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Air

All Central American countries have international airports. Other than flights from South America, nearly all arriving flights go via US gateways (particularly Houston, Miami or New York’s JFK) or Mexico City.

Airports & Airlines

Tickets

Central America’s slender isthmus shape makes ‘open-jaw’ tickets – flying into one place (say Cancún or Guatemala City) and out from another (eg Panama City) – an attractive option, and the good news is that it’s often not much more expensive than a round-trip ticket. If you’re flexible on where you start and end, shop around: discount fares come and go.

You might think going to a hub city, such as San Salvador on Avianca, would save money, but sometimes it’s more expensive. The reason – in the confusing world of airline ticket pricing – is that airlines are trying to compete with more direct options. Again, shop around.

High-season rates (generally July and August, Christmas to New Year, and around Semana Santa) can be considerably more expensive.

Student travel agencies such as STA Travel (www.statravel.com) offer student discounts for those under 26.

If you’re flying from Europe or Australia, chances are you can get a free stopover in a US gateway city such as Los Angeles or Miami.

Round-the-World Tickets

Round-the-world (RTW) tickets are an option if coming from the US or Europe, but a lack of flight connections between Australasia and Central America have all but taken Latin America off RTW ticket options from that part of the world.

Departure Tax

All seven Central American countries levy departure taxes on air passengers, ranging from US$29 to US$40, although they are usually included in the price of the ticket. If you're staying on the ground, you will still have to pay a land departure fee when leaving Belize (US$18.75) and Costa Rica (US$7).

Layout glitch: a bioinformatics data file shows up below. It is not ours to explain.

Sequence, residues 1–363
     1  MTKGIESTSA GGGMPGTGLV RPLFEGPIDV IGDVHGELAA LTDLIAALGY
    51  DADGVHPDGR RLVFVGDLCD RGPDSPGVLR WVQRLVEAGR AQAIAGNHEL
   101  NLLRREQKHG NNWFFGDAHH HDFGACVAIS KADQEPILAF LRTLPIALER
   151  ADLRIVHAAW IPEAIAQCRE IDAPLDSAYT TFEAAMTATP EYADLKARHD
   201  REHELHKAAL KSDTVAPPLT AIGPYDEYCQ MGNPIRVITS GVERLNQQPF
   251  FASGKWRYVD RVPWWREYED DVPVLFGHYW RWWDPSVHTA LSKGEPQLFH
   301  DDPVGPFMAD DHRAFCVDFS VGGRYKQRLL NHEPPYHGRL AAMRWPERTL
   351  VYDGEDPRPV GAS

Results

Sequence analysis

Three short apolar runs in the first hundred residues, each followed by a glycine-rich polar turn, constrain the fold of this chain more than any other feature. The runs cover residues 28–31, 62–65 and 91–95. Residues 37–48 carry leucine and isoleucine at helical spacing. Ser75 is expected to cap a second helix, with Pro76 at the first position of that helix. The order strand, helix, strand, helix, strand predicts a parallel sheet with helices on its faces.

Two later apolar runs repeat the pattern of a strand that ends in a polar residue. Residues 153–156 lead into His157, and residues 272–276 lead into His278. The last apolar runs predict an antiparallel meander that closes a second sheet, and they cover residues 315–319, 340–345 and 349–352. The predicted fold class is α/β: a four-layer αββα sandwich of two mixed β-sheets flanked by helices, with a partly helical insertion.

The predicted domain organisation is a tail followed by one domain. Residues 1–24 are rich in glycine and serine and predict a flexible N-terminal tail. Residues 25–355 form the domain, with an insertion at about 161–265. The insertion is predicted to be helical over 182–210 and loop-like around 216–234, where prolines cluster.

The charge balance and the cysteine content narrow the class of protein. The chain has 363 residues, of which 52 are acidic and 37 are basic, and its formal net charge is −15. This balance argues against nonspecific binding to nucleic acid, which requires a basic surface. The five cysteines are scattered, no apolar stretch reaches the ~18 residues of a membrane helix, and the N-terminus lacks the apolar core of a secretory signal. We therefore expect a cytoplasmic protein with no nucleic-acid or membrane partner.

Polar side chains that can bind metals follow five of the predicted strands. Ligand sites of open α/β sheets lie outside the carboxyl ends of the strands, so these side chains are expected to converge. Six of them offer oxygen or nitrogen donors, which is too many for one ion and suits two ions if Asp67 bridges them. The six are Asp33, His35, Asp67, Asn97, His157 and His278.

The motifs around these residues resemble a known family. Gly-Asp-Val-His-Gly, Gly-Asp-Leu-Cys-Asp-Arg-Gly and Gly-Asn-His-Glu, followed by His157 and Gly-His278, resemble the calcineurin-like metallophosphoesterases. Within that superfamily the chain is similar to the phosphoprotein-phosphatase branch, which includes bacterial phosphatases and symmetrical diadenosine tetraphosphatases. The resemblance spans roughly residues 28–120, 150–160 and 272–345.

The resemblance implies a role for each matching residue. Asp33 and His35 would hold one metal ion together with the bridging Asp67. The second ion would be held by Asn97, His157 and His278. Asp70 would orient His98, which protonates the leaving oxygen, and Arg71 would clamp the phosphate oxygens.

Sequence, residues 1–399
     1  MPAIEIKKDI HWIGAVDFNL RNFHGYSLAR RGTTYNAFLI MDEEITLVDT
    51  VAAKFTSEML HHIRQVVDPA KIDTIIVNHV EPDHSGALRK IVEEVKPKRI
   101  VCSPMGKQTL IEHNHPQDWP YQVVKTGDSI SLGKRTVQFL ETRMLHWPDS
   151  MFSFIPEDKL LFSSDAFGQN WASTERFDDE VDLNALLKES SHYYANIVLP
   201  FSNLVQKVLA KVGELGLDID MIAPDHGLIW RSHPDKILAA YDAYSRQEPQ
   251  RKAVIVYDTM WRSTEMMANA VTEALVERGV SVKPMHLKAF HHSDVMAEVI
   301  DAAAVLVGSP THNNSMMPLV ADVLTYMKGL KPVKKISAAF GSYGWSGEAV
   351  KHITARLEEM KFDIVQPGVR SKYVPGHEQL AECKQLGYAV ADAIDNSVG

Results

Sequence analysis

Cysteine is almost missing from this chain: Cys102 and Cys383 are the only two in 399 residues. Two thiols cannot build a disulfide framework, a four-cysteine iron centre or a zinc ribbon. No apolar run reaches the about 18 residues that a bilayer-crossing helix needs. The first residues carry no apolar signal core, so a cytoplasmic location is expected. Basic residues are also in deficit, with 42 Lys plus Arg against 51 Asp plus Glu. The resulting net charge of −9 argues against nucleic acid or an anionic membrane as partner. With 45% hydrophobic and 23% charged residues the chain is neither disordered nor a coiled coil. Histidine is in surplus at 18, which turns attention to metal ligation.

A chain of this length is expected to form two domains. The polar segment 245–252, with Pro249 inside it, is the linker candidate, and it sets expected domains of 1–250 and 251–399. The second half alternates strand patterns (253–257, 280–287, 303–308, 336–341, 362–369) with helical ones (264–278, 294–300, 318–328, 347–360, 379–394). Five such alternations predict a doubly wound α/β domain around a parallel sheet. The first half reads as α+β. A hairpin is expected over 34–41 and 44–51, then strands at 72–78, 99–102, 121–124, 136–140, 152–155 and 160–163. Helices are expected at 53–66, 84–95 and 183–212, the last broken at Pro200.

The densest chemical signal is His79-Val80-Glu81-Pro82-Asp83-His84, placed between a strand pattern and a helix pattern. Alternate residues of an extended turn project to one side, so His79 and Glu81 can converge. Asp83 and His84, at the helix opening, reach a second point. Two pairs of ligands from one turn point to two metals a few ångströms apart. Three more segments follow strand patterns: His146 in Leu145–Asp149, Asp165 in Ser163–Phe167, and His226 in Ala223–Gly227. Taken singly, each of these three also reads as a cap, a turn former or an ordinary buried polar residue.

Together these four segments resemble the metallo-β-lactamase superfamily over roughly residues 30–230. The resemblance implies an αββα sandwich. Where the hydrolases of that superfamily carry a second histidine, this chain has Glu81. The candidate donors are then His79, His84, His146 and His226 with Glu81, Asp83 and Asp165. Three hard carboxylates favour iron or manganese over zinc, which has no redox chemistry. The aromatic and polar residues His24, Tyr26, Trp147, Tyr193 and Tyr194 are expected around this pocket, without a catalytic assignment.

From South America

Avianca (El Salvador; www.avianca.com) and Copa Airlines (Panama; www.copaair.com) airlines connect Central American cities to and from Argentina, Bolivia, Brazil, Chile, Colombia, Ecuador and Peru. The Chilean airline LAN (www.lan.com) also offers many connections between Central and South America.

If you’re planning to visit both Central America and South America on a trip, note that some airlines allow a free stopover in Central America. Panama City is often the cheapest link to and from South America, especially Colombia, Ecuador and Venezuela (unsurprisingly, given their distance from Panama).

Note that many South American countries require onward air tickets upon arrival.

Feature: Onward-Ticket Requirements

If you’re planning on flying into one country and back from another, note that immigration officials may require proof of onward or continuing travel. The restriction mainly ensures that nonresidents don’t stay long-term without permission.

Showing ‘continuing travel’ to another country (say, a flight home) and explaining how you’ll get there is almost always enough. Most travelers are never asked. It’s still a good idea to ask the airlines, as they can be fined for bringing in a passenger without proper documentation. Also, it may be worth showing a print-out of a ‘bus reservation’ for leaving the country.

This requirement also may pop up at land borders. Crossing into Costa Rica, for instance, it’s sometimes necessary to purchase a bus ticket at the border leaving Costa Rica – even if you don’t plan to use it. For private cars entering, no onward ticket is required but proper documentation for the vehicle is needed.

Land

Border Crossings

Border crossings in Central America are usually a straightforward, albeit stressful, affair. There are plenty of border posts, so crossing the border does not usually require going too far out of your way. Most crossings are by road (or bridge), but there are a few that involve boat travel.

International travelers are not a new sight to border guards. Remember that they will appreciate being treated with respect and being spoken to (at least a little) in Spanish.

See individual country content for specifics on each border crossing.

Feature: Tips for Border Crossings

Going from one of Central America’s seven countries (or Mexico) into another can be a frenetic, confusing experience. But with a little planning it’s usually a breeze (make that a slo-o-ow breeze). Some considerations:

  • Before you leave one country for another, read up on your destination’s entry requirements.
  • Don’t leave a country without getting your passport stamped at that country’s immigration office. Occasionally, agents are not vigilant so be on the lookout.
  • Crossings often require changing buses at the border, walking a few hundred meters across, or catching a colectivo (shared taxi or minibus taxi) to the nearest bus station. Not all of the borders are open 24 hours, but bus schedules tend to match opening hours.